In addition to this, every blog post published on our blog has a link back to the relevant author page, which include the markup rel=”author.”

blog-post-author-rank

Test your site or individual pages using the Google Rich Snippets tool tester.

In addition, when writing content on third party sites, look to link back to your author page by appending your bio url with rel=author like so: http://www.returnondigital.com/about-us/dave-ashworth.php?rel=author

The future

Moving forward, if you create content and want to become an authority voice within your niche, Author Rank is going to help you achieve this.

This new approach to creating domain/page authority will hopefully be less open to manipulation in the way that link building and some forms of structured data have become.

It’s not just a case of signing up to Google Plus, getting lots of people in your circles and vice versa and sharing content. It’s more about getting involved in the right circles/niches, sharing quality content and writing quality content of your own that is worthy of a share.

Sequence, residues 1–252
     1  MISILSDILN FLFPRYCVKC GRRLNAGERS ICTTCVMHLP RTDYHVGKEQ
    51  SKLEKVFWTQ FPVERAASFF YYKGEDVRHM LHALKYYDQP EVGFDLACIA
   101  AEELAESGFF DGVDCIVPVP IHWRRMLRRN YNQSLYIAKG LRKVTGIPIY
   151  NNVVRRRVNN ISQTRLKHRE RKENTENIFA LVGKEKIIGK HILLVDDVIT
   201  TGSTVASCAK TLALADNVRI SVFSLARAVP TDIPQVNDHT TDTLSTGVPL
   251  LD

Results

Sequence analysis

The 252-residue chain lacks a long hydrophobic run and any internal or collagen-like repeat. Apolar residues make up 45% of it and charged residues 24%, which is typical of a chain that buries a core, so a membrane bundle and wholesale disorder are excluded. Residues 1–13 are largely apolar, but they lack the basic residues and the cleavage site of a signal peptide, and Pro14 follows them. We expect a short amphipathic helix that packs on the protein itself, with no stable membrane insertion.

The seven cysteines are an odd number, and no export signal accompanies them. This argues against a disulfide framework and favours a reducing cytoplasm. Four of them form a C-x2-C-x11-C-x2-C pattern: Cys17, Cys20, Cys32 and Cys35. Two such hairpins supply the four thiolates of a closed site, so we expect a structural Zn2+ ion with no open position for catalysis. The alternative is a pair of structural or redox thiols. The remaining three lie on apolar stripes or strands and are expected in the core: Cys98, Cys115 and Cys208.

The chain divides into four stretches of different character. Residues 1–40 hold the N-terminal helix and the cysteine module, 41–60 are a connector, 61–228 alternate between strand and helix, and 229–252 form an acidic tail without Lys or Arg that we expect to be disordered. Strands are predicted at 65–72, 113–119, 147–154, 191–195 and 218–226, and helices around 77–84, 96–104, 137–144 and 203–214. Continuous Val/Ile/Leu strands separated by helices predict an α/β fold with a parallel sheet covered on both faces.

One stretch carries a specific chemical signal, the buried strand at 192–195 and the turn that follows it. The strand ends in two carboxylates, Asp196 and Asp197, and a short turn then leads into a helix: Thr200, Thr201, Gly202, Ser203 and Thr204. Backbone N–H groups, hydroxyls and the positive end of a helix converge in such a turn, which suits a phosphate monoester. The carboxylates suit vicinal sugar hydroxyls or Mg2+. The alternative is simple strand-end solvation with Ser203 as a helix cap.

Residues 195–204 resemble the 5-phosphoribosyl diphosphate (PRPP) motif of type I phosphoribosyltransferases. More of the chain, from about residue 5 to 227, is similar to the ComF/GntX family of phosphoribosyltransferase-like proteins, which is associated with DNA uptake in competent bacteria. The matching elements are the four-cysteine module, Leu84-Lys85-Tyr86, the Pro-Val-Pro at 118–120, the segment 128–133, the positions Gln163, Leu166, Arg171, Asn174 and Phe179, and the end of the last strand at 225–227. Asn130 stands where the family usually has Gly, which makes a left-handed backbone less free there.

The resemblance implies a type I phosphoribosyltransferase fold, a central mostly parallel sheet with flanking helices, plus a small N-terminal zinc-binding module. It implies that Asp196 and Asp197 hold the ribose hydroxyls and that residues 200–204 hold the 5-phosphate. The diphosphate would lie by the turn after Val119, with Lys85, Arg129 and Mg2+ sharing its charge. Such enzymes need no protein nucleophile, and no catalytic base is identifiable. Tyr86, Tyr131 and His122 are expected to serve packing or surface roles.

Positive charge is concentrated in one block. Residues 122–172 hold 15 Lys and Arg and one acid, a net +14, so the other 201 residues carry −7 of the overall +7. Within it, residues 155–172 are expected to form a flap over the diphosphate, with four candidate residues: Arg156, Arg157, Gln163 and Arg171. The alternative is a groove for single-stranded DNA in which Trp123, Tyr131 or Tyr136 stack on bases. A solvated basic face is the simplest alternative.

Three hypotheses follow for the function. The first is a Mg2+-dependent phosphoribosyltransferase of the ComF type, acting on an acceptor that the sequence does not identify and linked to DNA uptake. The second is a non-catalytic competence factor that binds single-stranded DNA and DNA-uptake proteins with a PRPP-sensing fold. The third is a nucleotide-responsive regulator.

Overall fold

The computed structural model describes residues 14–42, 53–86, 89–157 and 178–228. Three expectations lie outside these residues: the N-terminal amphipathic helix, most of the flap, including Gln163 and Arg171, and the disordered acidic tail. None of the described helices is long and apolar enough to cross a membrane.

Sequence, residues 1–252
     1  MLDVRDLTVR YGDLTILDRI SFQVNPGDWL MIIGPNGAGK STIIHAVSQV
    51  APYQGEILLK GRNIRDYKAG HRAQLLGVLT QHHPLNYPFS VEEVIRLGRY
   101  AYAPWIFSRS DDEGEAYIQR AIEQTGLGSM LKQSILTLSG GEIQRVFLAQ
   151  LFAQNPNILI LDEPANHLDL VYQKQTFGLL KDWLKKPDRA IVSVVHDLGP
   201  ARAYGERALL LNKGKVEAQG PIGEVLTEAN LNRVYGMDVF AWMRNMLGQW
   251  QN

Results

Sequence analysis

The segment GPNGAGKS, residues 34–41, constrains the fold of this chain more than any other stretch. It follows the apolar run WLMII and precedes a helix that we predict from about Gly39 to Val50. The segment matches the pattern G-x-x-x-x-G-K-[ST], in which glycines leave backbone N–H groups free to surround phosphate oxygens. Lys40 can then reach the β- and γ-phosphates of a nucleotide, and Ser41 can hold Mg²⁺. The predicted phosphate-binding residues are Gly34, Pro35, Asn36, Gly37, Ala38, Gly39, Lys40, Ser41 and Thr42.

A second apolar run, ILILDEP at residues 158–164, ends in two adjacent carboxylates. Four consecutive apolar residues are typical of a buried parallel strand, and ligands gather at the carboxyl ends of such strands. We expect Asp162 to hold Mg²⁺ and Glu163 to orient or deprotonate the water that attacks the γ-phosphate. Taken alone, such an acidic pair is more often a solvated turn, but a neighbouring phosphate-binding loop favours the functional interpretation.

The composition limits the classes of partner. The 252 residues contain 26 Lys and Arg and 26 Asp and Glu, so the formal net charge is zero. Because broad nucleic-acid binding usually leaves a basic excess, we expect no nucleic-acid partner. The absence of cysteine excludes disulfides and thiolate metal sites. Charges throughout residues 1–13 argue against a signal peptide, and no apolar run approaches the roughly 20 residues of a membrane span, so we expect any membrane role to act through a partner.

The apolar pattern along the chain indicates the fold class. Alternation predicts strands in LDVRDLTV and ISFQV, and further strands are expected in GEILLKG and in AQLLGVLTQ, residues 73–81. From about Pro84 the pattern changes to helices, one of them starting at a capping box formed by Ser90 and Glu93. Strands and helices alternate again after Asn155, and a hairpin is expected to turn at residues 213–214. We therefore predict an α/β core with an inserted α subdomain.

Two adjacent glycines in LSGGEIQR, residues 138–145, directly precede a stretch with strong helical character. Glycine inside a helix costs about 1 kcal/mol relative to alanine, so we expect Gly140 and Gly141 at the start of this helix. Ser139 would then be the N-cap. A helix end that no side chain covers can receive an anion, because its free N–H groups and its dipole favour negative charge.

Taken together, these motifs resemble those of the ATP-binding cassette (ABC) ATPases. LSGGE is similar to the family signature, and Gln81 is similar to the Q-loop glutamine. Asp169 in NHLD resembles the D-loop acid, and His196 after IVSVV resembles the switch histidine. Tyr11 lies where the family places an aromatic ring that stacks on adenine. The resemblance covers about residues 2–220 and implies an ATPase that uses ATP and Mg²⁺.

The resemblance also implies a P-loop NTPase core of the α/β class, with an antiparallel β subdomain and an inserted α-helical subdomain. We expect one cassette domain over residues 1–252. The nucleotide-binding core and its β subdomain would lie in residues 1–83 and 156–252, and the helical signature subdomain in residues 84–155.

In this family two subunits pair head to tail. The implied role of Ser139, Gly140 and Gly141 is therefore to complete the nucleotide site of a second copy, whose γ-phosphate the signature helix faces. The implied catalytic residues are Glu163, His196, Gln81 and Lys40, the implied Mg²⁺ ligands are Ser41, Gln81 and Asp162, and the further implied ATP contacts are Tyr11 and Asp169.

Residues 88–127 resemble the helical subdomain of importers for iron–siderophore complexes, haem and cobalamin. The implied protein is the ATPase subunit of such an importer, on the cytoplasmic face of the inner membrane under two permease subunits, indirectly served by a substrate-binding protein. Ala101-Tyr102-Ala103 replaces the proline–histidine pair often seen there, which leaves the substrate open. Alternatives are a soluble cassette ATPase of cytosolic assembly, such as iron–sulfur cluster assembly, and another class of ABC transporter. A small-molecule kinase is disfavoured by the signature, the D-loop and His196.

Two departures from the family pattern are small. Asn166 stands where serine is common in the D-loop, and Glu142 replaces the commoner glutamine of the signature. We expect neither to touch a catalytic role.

All this will be tracked by Google and used to calculate your author authority, which in turn is used in their ranking algorithms.

Obtaining high Author Rank can be the difference between your niche content being ranked above that of your competitors.

I suppose it all comes down to what Google has always told us – content is king, but now you have an opportunity to wear the crown.

Dave Ashworth is an SEO Executive at Return On Digital.

Want more details on Authorship? Check out Raven’s Ultimate List of Google Authorship resources.

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Tell us what you think

  • Earnest Williams

    Very informative post Dave! Thank you so much for posting!

  • http://www.goodblogs.com.au/ Alice Cornelios

    Thanks for the post Dave, this is really helpful to me as I am about to develop my own reputation online. Google pays more attention to this authorship but did not include this as direct signals in search ranking according to Google webmaster, Matt Cutt, .However, since trust is of the essence with Google, then one should pay more particular attention to authorship and let go of the fear theft identity.

    Alice from http://www.ideasinbusiness.com.au/

  • http://www.findmydentist.com/ Shayrgo Barazi